By Teresa Varley
One of the best kept secrets of this off-season around the Steelers UPMC Sports Performance Complex is what does the team's Super Bowl XLIII ring look like.
Everyone wants to know, from those making deliveries to the building to the media to the players.
James Farrior knows. And he is not telling. Not even when his teammates ask.
"It's awesome," said Farrior. "It's real big and it's full of ice."
That's about all you will get out of him. The same goes for Hines Ward.
"It's big, it's big," said Ward. "It's two times bigger than the last one. It will be something that being the first team to win six it's going to stand out.
"It's a big ring. Guys might have to get double-sized and wear it like brass knuckles. It's big, it's that big. It's going to be something to remember."
Their teammates were looking for something a little more descriptive as they were getting sized for their rings on Monday, but Farrior and Ward were mum.
"They say it's pretty big," said cornerback Ike Taylor. "I can't wait to see it."
Farrior and Ward, along with Ben Roethlisberger and James Harrison, were asked to give their input on the design of the ring, which is being made by Jostens.
While the final decision was in the hands of Dan Rooney and Art Rooney, II, the players were humbled to be a part of the process.
"It was a great time," said Farrior. "Being one of the guys who got it help put it together was a great honor for me. It's always a good feeling to be a World Champion and have the opportunity to design one of those things."
Ward was in total agreement.
"It's a big honor," said Ward. "All of the guys are coming to us for answers and they are like 'what does the ring look like.' For me it's been great. Being that this is our second time at it you want it to be something special. There are a lot of story lines behind the ring. Being the first organization to win six championships you want to make it stand out. I think a lot of the guys are going to be excited about the outcome of the ring."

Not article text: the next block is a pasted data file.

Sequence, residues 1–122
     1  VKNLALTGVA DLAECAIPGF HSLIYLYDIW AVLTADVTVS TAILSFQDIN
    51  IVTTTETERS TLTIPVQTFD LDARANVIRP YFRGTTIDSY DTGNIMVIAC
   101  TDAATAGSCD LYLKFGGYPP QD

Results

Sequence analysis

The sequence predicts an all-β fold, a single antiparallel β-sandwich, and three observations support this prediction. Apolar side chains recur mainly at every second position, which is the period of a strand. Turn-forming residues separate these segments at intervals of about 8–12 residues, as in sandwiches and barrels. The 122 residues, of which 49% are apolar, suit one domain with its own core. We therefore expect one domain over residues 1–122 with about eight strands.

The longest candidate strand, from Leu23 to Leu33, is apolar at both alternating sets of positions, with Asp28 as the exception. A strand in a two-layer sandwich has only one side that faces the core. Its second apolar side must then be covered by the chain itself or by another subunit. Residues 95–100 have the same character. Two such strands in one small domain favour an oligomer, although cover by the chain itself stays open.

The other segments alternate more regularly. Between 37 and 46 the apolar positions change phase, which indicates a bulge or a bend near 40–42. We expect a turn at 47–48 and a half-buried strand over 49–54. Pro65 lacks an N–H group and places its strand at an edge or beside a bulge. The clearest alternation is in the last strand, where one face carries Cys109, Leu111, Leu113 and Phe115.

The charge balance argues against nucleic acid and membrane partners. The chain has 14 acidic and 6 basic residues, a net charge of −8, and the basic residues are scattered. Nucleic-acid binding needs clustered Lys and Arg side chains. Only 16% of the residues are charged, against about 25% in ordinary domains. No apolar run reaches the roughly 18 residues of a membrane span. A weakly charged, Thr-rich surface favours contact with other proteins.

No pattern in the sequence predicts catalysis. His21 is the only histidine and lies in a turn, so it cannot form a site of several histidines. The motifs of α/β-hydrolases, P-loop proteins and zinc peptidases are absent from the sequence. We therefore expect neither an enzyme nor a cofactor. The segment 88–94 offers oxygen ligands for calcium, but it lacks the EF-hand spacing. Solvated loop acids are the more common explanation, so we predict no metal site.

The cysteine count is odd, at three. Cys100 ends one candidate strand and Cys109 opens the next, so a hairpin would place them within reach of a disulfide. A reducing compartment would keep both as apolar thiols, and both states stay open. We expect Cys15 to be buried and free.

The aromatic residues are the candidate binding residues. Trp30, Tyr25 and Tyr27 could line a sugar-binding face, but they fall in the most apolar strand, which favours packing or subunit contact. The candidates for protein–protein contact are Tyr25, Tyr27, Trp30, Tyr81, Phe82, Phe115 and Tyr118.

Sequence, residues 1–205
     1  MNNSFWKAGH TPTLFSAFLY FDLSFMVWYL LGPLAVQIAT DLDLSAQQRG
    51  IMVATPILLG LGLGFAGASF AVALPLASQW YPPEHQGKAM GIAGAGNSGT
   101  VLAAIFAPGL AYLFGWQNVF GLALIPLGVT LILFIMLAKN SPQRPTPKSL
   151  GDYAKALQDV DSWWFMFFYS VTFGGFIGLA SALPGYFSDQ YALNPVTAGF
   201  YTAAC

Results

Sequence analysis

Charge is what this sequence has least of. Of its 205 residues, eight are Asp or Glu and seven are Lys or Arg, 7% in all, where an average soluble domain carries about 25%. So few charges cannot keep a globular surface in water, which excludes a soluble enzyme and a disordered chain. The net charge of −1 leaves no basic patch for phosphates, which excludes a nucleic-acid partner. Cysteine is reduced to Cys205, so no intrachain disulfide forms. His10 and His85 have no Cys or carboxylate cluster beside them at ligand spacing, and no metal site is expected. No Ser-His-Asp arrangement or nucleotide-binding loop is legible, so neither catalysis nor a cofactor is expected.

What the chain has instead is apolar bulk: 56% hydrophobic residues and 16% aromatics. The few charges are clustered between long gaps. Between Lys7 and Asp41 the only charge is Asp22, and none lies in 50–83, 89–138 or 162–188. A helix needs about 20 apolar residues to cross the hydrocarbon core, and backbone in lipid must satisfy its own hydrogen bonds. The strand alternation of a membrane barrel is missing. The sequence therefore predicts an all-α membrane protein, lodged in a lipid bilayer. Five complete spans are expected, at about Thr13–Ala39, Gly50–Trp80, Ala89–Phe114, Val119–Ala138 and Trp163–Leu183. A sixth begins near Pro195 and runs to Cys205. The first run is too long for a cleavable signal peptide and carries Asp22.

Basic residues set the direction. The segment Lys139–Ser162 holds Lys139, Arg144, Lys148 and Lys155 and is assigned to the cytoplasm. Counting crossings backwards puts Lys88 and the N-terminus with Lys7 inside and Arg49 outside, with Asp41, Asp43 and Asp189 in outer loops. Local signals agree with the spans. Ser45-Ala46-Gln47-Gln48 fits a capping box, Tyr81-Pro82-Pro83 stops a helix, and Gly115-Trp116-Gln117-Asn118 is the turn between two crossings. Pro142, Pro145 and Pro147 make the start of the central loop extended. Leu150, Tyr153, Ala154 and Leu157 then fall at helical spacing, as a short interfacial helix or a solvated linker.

Most of them already are even without getting the sneak peek. Wide receiver Santonio Holmes, who was the MVP of Super Bowl XLIII, was back in Pittsburgh for the first time on Monday and getting sized for his ring was something special, but getting the ring itself will be the icing on the cake.
"I am going to be like a kid in a candy store, opening it up and seeing that accomplishment," said Holmes. "To be able to read on my ring Super Bowl MVP is going to be a major accomplishment and bring a smile to my face."
Some players, like defensive end Aaron Smith aren't likely to wear the ring right off the bat, but rather wait until their playing days are over until they can really savor it.
"It's hard when you are in the middle of it," said Smith. "There is still a lot of work left to be done until I retire."
But others can't wait to put it on their finger.
"I will definitely wear it for the first couple of weeks," said Farrior. "I won't take it off. It's going to be hard. It has to be all by itself."
And while the ring will be symbolic of the Steelers sixth Super Bowl championship, it will also be a testament to the teams of the past who built the legacy.
"It's about the whole Steelers family, guys in the past that showed us how to do it," said Farrior. "We honor those guys by wearing it. They are a part of this thing too."